Chevy Chase


This one's going to be weird, because Chevy gets tons of credit for his great work and tons of shit for his lousy work. He's probably rated just about where he should be. I get all of that, but when I woke up this morning, I realized there's literally a whole generation of children who don't know how awesome, funny and popular Chevy Chase was from about 1975 until about 1990. I find that incredible. 18 year old kids could be watching Caddyshack for the first time, looking at Ty Webb and say, "Who's that guy?" or "Has he done anything else?" Admittedly, they'd have to be not all that bright, but it's definitely possible.

This post is for those not too bright 18 year olds.

Beginning with his year-long stint with the original Saturday Night Live cast and ending with his second reprisal of Clark Griswold in Christmas Vacation, Chevy Chase (real name: Cornelius Crane Chase) put together one of the most impressive comedic runs in the history of cinema. He was the Barry Bonds of Hollywood comedy: he just knocked them out of the park one after another. Unfortunately, he's also just as much of an asshole as Bonds.

When SNL came on the air, Chevy emerged as the star of what became an ensemble cast after he left. And while the show probably benefited from his departure long term, his presence at the beginning of the show legitimized it. 90% of the memorable scenes from the first season came from Chevy: he was the Weekend Update anchor, had the Gerald Ford impersonation, and he fell down at the beginning of every episode. Let's also not forget the classic word association exchange with Richard Pryor. "Dead honky."

And when he started making movies? Foul Play, Modern Problems, Vacation, Fletch, European Vacation, Spies Like Us, Three Amigos, Funny Farm and Christmas Vacation. That's what the Chevy Chase box set would look like. Not only that, he was supposed to be Otter in Animal House, which means that he could have starred in three of the top ten comedies of all time.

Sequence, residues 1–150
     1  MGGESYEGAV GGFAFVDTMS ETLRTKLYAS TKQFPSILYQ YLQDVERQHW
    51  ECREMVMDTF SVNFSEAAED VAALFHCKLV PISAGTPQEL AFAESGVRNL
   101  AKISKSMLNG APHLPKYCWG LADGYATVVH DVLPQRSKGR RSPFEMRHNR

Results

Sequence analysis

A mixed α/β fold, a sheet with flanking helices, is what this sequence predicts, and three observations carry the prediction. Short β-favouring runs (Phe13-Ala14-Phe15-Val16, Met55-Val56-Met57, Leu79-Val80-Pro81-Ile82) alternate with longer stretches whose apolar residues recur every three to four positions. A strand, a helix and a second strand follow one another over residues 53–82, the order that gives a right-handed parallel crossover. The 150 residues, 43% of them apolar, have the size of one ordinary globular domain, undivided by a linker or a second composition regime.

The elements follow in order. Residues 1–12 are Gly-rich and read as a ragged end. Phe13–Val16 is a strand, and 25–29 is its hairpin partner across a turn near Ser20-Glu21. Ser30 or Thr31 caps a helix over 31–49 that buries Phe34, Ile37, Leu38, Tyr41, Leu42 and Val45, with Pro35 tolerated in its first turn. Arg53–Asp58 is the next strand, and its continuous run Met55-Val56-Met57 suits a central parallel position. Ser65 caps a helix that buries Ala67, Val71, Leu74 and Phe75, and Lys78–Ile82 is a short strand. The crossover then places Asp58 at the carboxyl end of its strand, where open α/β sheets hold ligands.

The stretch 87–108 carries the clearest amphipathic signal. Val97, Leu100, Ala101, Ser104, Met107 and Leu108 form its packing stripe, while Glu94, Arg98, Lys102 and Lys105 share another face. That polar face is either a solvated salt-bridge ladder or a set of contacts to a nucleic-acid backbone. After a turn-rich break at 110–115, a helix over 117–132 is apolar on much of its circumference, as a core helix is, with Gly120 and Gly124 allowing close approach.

I've intentionally left Caddyshack II and Fletch Lives off of this list, because they're sequels that should never have been made and I murdered two people after watching them. Then, after 1991's Memoirs of an Invisible Man (which was essentially a less funny version of Modern Problems), it was all downhill. He bottomed out as a weatherman in 2000's Snow Day, and everything after that is completely unrecognizable, save a cameo or guest spot here and there.

Chevy Chase's downfall, if anything, was hastened by his personality. By all accounts, he's the biggest dick this side of Harry Reams. And if you're going to take a chance on a guy that's made a couple of bad movies and is starting to lose some of his box office draw, wouldn't you rather take that chance on a guy that won't piss of these entire crew, ream the PAs for making his coffee incorrectly, and tell the craft service woman to go fuck herself. That's where Chevy found himself after the 1994 smash hit Cops and Robbersons.

You get the sense that he didn't want to do these movies; he just didn't have any more options.

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The Book


The Yankee Pot Roast Book of Awesome Underappreciated Stuff
by Geoff Wolinetz,
Nick Jezarian,
and Josh Abraham

Published by
Citadel/Kensington Books.
On sale June 24, 2008.

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